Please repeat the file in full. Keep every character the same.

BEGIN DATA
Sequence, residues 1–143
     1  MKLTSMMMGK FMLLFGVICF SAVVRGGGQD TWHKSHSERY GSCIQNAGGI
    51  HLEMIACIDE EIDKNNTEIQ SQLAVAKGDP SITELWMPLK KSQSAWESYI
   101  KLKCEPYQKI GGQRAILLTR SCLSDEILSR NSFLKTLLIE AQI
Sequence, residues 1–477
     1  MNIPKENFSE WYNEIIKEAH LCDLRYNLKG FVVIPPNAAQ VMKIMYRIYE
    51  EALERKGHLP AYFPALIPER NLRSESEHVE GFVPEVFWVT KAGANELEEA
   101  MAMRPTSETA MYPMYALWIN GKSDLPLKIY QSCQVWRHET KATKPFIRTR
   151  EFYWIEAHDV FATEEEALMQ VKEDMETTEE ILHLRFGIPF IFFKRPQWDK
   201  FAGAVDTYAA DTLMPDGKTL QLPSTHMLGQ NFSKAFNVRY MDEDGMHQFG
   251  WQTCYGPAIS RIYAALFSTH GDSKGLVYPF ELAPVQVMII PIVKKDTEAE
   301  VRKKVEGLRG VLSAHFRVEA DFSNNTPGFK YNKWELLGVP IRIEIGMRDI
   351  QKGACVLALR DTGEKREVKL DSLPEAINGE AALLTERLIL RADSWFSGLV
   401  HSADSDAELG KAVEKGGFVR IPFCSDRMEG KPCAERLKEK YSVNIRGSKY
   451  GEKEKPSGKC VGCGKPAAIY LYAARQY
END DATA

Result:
Sequence, residues 1–143
     1  MKLTSMMMGK FMLLFGVICF SAVVRGGGQD TWHKSHSERY GSCIQNAGGI
    51  HLEMIACIDE EIDKNNTEIQ SQLAVAKGDP SITELWMPLK KSQSAWESYI
   101  KLKCEPYQKI GGQRAILLTR SCLSDEILSR NSFLKTLLIE AQI
Sequence, residues 1–477
     1  MNIPKENFSE WYNEIIKEAH LCDLRYNLKG FVVIPPNAAQ VMKIMYRIYE
    51  EALERKGHLP AYFPALIPER NLRSESEHVE GFVPEVFWVT KAGANELEEA
   101  MAMRPTSETA MYPMYALWIN GKSDLPLKIY QSCQVWRHET KATKPFIRTR
   151  EFYWIEAHDV FATEEEALMQ VKEDMETTEE ILHLRFGIPF IFFKRPQWDK
   201  FAGAVDTYAA DTLMPDGKTL QLPSTHMLGQ NFSKAFNVRY MDEDGMHQFG
   251  WQTCYGPAIS RIYAALFSTH GDSKGLVYPF ELAPVQVMII PIVKKDTEAE
   301  VRKKVEGLRG VLSAHFRVEA DFSNNTPGFK YNKWELLGVP IRIEIGMRDI
   351  QKGACVLALR DTGEKREVKL DSLPEAINGE AALLTERLIL RADSWFSGLV
   401  HSADSDAELG KAVEKGGFVR IPFCSDRMEG KPCAERLKEK YSVNIRGSKY
   451  GEKEKPSGKC VGCGKPAAIY LYAARQY